TESTIMONY OF DIANNE R. NIELSON
STATE OF UTAH
SENATE COMMITTEE ON ENVIRONMENT AND PUBLIC WORKS
SUBCOMMITTEE ON CLEAN AIR, WETLANDS, PRIVATE PROPERTY AND NUCLEAR SAFETY
Washington D.C.
October 1, 1998

Good afternoon. I am Dianne R. Nielson, Ph.D., Executive Director of the Utah Department of Environmental Quality, and Governor Leavitt's Official Representative to the Western Regional Air Partnership (WRAP). Governor Leavitt has taken an active role in air quality and visibility issues in Utah and in the West, as Vice-Chair of the Grand Canyon Visibility Transport Commission, Co-Chair of the WRAP, and lead governor for air quality issues for the Western Governors' Association (WGA). I am here today on behalf of Governor Leavitt to provide testimony regarding a western regional approach to regional haze and the Environmental Protection Agency's recent Notice of Availability of Additional Information related to proposed regional haze regulations. This issue is important to western states, to the people who live and work in the West and to the many people who visit. As Utah's chief environmental official, I appreciate the inherent value of our Western vistas and my stewardship responsibility.

This Subcommittee has been vigilant in its efforts to oversee the progress of the Grand Canyon Visibility Transport Commission and its successor organization, the Western Regional Air Partnership (WRAP). You are aware of the history and work of these unique regional partnerships, as summarized herein. When Congress enacted the Clean Air Act Amendments of 1990, directing the EPA Administrator to establish the Grand Canyon Visibility Transport Commission, you laid the groundwork for visibility protection through regional partnership. You provided the opportunity to address a regional problem at a regional level. States, tribes, federal agencies, local government officials, business and industry, environmental representatives, academicians, and citizens came together in partnership to develop recommendations for protecting visibility at the Grand Canyon and fifteen other western Class I areas. The consensus recommendations of the Grand Canyon Commission were presented to EPA in June 1996. The Western Regional Air Partnership or WRAP was established to implement the Grand Canyon recommendations, and as appropriate, address other air quality issues of regional interest. The WRAP consists of western states and tribes as well as the Secretaries of the Interior and Agriculture and the Administrator of the EPA. Committees and workgroups, with the involvement of stakeholders as in the Commission, are working to develop consensus approaches to initiatives and technical efforts to reduce regional haze.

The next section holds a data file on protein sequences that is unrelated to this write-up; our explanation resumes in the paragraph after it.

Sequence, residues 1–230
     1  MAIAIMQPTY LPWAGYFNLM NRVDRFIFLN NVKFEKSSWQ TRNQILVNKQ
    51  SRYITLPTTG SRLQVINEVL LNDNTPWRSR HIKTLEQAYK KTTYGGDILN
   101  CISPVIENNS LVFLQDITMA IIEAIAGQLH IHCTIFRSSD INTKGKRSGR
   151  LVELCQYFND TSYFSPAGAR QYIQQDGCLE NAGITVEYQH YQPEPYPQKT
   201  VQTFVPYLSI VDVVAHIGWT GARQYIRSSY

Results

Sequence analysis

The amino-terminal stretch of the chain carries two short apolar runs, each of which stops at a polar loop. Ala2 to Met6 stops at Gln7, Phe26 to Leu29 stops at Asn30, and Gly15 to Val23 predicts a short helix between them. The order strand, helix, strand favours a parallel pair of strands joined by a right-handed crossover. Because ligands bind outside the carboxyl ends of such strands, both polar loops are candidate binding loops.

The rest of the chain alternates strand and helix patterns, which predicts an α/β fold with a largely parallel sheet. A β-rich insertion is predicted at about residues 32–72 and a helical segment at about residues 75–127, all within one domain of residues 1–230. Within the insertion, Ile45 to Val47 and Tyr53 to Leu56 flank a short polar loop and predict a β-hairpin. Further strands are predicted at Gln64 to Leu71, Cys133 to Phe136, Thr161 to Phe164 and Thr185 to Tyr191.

In April 1998, when Governor Leavitt testified before this Subcommittee, he reaffirmed the commitment of western governors to the consensus recommendations of the Grand Canyon Commission and to WGA's Environmental Doctrine, which guides our efforts to seek solutions to environmental and natural resources problems facing the West. Prior to that time, EPA had proposed a regulation which failed to incorporate the Grand Canyon recommendations. In April, while states were encouraged by the interest EPA demonstrated in incorporating the Commission recommendation into the proposed rule, that work was yet to be accomplished. Following that hearing, environmental representatives voiced their concern about the commitment to that goal. Again, with a renewed determination, representatives of states, tribes, industry, environmental groups, and federal land managers worked for countless hours to craft a consensus agreement on specific language which we would recommend to EPA for incorporation in the proposed regional haze regulation, language which would implement the Commission recommendations. Copies of that June 25, 1998, consensus document have been provided to this Subcommittee and are available on the WGA website at www.westgov.org. Governor Leavitt, in his June 29, 1998, cover letter to Administrator Browner, endorsed the consensus work product. The environmental representatives also endorsed the consensus document in a letter to Administrator Browner. On August 31, EPA issued a Notice of Availability regarding proposed regulatory language to reflect the proposal, as well as a request for comment regarding the Transportation Equity Act (TEA~ 21).

The Grand Canyon recommendations, the work of the WRAP, and this recent consensus document all recognize that improvements in visibility must include more than just management of emissions from industry stationary sources. The reductions must also come from the ever~ increasing volume of mobile source pollution, from vehicles on-road as well as construction and other off-road vehicles, reductions in road dust, management to reduce impacts of wildfires, and trans-boundary pollution from Mexico.

WGA recommended that EPA reopen the public comment on the ideas in the consensus document, and we appreciate EPA doing so. The following comments focus on key considerations in the June 25 consensus document and how they are reflected in EPA's August 31 draft regulatory language.